History of education in Chicago

History of education in Chicago covers the schools of the city since the 1830s. It includes all levels as well as public, private and parochial schools. For the recent history since the 1970s see Chicago Public Schools

Public schools

Children returning to class following a fire drill at a Chicago elementary school, 1973. Photo by John H. White.

According to John L. Rury, the first small private schools were established as Chicago began to expand in the late 1830s. Eliza Chappell was probably the city's first public school teacher, but most teachers were young men from New England. All the schools were makeshift with rudimentary facilities that served only a fraction of the city's children. As late as the 1860s one teacher would supervise classes numbering a hundred or more, with his students ranging in age from 4 to 17. Schoolhouses were adapted from existing structures. When Chicago received its charter in 1837, volunteer examiners were appointed to oversee the schools, but funding remained meager. In 1845, an inspector reported schools housed in temporary quarters, crowded, poorly equipped, and foul-smelling. The first public school building was erected in 1845 and ridiculed as “Miltimore's Folly,” after a teacher who had suggested its necessity. In 1848, Mayor James Hutchinson Woodworth argued the urgent need for a better public school system. The city council agreed. The mayor's plea reflected his experience as a former teacher, and was designed to attract productive citizens. By 1850, less than a fifth of eligible children were enrolled in public schools. Larger numbers attended private and parochial schools, but thousands did not enroll at all, particularly older children. Public school classes remained large, often conducted in poorly maintained rooms and with inadequate materials. Parents who could afford better education usually hired private tutors.[1] Chicago's population expanded with tens of thousands of new arrivals annually from the East and from Europe. In 1835 the state legislature authorized a public school system with taxpayer financing, and the city's 1837 charter strengthened the scaffolding. Chicago rapidly opened public elementary schools, for grades 1-8. By 1848 there were 8 teachers and 818 students. John Clark Dore, a Boston teacher and principal, became Chicago's first school superintendent in 1854, when there were 34 teachers and 3,000 students. When he resigned in 1856, enrollment had doubled to 6,100, 46 new instructors had been hired, and four new schools (including the first high school) had been constructed.[2] Annual salaries were $500 for men and $250 for women. To save money the schools began hiring young women who wanted to teach before they married and had to resign. To train the teachers the city established "normal school" programs—a two-year course for graduates of 8th grade. The handful of new 4-year high schools also offered 2-year normal curricula.[3] Typical was Ella Flagg Young; her family arrived in 1858 from Buffalo, New York. In 1860, at age 15, she entered the Chicago Normal School, graduating in 1862, she taught for three years as an elementary teacher. Instead of marriage she embarked on a career in administration. In 1865 she was appointed director of the small pre-collegiate "practice school" newly opened at Scammon School.[4]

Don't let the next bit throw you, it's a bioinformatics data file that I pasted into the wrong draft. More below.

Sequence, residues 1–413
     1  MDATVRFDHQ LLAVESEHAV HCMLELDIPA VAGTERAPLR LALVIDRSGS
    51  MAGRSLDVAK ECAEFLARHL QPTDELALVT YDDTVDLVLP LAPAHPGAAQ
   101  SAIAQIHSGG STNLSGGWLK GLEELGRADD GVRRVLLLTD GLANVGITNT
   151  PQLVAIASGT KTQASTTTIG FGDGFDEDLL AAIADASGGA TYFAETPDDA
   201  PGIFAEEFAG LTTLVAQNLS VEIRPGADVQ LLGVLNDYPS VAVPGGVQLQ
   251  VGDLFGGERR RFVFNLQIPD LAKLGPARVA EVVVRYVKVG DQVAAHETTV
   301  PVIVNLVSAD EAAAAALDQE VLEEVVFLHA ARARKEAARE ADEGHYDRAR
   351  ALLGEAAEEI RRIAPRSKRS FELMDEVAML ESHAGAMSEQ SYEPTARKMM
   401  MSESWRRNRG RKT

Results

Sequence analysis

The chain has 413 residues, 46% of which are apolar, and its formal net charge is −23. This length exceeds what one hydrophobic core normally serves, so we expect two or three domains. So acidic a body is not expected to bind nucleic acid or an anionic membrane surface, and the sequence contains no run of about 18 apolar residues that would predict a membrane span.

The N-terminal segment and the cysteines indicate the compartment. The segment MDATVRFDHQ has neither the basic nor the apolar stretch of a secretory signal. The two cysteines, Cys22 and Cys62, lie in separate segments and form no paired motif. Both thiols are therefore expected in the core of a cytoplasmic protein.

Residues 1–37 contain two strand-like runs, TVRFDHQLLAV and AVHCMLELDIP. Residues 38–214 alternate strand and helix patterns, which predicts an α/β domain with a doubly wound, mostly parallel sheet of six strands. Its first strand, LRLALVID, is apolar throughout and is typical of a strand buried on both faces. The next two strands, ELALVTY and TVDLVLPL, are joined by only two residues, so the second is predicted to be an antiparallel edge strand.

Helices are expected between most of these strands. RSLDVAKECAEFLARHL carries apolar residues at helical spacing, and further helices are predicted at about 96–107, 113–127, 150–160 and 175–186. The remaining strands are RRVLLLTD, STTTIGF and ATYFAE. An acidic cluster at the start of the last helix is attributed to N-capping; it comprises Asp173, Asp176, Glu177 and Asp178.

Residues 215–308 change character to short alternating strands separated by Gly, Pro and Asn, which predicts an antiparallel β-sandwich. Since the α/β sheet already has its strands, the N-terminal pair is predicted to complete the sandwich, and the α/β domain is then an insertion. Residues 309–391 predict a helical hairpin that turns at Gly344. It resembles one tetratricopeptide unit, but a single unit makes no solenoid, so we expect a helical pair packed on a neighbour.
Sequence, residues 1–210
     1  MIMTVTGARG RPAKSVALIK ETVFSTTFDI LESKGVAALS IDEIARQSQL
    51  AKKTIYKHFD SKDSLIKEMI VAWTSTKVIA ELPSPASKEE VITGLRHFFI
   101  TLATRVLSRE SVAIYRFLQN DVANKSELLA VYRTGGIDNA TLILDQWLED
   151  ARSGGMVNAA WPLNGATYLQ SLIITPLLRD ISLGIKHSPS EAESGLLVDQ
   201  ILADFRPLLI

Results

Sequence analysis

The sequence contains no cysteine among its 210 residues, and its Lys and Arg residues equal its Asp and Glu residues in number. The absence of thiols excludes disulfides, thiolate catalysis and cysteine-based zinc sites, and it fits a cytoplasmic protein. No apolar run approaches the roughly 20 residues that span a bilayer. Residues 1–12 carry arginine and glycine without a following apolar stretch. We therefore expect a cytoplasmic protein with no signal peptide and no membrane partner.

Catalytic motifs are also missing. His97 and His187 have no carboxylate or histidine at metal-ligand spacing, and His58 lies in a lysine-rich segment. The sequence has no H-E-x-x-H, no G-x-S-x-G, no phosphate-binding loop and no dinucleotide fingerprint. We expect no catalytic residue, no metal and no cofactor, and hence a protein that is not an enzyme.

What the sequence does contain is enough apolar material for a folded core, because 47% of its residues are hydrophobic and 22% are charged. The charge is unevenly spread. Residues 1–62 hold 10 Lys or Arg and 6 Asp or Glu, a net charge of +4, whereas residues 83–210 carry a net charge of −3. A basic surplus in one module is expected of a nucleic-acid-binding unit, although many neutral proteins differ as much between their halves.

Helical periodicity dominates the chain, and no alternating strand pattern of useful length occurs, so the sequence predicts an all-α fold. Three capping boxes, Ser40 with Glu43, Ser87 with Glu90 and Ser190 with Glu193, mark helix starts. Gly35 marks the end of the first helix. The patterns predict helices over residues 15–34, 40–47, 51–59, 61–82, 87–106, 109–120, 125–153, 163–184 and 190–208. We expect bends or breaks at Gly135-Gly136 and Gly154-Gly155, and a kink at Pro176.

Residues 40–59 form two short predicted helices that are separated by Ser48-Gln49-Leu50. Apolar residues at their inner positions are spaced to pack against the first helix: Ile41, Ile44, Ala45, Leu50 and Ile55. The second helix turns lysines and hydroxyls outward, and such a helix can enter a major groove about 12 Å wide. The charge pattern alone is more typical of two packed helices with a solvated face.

Progressive education


Francis Wayland Parker (1837–1902), John Dewey (1859–1952), Ella Flagg Young (1845–1918), Jane Addams (1860–1935) and William Wirt (1874–1938) were five of the nation's most influential educational theorists of the late 19th and early 20th centuries. Each was based in Chicago around 1900 and influenced many disciples there. They played decisive roles in shaping what was known as Progressive Education in Chicago.[5] Thanks to them Chicago played a central role in defining the educational ambitions of the Progressive Movement nationwide.[6]

Parker studied in Germany and became a superintendent in Massachusetts where he developed his Quincy Method, which eliminated harsh discipline and de-emphasized rote memorization, replacing them with elements of progressive education, such as group activities, the teaching of the arts and sciences, and informal methods of instruction. He rejected tests, grading and ranking systems. As principal of the Cook County Normal School in Chicago (1883–99) he experimented with ways to expand and develop his curriculum. For example, reading, spelling, and writing were merged into a new subject called "communication." Art and physical education were added to the curriculum. He taught science through the study of nature. In 1899, Parker founded and served as principal (1899–1901) for a private experimental school, the Chicago Institute, which became the School of Education of the University of Chicago in 1901.[7]